British research took an alternative route, working in other lochs with monster traditions in order to build up the support and help of universities who were enabled to conduct work on these deep freshwater environments.


They also began a project to analyse all of the previous evidence which had been collected, but with a sceptical eye. They wanted to eliminate anything which could create false trails. This often made their leader, Adrian Shine, unpopular with the growing band of cryptozoologists who had an interest in the loch. Instead of rejoicing when the Loch Ness Project uncovered another fake or hoax, many reacted as if this were a personal attack on Nessie!


Eventually, ready to tackle Nessie head on, the Loch Ness Project introduced scientific methodology to the their work and came back to Loch Ness where the author part financed their twenty-four hour patrols which scanned the deep water with sonar. An in-depth study of the biology of the loch was also begun in earnest.


This culminated in Operation Deepscan which seemed to reveal, despite all the hoaxes and fakes, that something seemed to be lurking in the deep water. The story was reaching its pinnacle.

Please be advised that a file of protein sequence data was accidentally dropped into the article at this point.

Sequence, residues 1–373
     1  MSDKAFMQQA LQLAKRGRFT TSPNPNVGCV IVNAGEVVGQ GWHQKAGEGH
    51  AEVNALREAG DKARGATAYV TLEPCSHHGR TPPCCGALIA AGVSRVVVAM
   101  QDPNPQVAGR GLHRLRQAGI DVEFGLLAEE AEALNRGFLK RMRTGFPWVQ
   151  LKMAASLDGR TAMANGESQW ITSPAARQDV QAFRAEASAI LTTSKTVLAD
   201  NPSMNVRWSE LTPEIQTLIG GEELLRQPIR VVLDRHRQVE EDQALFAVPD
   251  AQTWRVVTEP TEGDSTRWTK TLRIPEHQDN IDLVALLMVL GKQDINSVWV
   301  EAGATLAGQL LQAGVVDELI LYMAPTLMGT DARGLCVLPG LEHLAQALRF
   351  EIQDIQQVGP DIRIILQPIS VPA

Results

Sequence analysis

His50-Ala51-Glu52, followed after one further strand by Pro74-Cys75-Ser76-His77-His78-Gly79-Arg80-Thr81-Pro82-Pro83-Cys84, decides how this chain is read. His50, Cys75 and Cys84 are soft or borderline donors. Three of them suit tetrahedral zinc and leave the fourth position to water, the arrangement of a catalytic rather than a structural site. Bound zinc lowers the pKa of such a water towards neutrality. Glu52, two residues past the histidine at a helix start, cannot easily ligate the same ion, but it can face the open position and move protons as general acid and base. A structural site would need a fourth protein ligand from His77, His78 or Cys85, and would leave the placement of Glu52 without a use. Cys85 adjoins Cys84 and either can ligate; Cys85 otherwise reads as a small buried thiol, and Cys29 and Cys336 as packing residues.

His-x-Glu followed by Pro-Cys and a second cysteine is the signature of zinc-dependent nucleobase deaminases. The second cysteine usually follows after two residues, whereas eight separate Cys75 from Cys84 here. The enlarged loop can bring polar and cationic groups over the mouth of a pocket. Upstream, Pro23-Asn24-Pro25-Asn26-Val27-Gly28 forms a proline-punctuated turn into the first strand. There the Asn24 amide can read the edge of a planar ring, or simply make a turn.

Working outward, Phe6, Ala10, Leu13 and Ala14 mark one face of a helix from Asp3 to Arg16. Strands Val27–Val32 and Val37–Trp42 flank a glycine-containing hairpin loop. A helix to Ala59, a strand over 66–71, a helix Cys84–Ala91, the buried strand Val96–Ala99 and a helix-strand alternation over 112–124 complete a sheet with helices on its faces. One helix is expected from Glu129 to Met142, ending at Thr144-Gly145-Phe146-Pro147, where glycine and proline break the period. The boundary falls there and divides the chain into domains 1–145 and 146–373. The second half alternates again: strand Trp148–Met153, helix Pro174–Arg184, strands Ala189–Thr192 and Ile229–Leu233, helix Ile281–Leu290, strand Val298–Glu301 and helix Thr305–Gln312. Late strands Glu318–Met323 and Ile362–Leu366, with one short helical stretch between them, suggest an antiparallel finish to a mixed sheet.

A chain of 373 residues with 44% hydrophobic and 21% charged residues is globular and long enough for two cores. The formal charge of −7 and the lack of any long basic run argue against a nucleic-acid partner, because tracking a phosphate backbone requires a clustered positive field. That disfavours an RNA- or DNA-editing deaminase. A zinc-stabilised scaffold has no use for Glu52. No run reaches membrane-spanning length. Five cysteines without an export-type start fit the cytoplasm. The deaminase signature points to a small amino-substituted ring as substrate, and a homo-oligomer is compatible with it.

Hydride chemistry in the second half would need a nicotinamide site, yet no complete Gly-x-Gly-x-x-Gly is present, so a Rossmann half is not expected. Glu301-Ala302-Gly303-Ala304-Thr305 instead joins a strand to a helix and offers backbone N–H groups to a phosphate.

Understanding the food-chain in the loch became critical to analysing whether there was sufficient food for a monster. The results narrowed down the number of candidates.


Gradually their study discovered problems with all classes of Nessie candidates - reptiles, amphibians, invertebrates, mammals and even fish, but one of these was beginning to stand out from the crowd as being more likely than any other.


This book gives you all of the arguments above, explains how mistakes were made and false trails followed and leads you inexorably to a logical and probable solution. Some will find that the solution satisfies their inner desire for a monster in the loch, but not all, for that is the nature of the subject.


In the meantime the tourist industry will continue to work around the truth, exploit weaknesses in arguments and explore methods of continuing to promote Nessie as some sort of prehistoric aquatic reptile. It does no harm, provides a great deal of fun and, today, Nessie, through the Loch Ness Centre, is actually funding an exploration of its own environment. Who would have believed that twenty years ago?


The author has taken on huge questions in this book. Can Nessie be killed by science? Can the myth be exploded? He has put his best efforts into answering these questions and others truthfully and fairly. If you really want to understand the subject, this is essential reading.


The book's conclusion, however, shows that Nessie can remain as real as ever and that there is no chance of proving she is anything other than the creature each of us wishes her to be. After all, logic and facts must not be allowed to spoil a good and fascinating story which has run for nearly eighty years!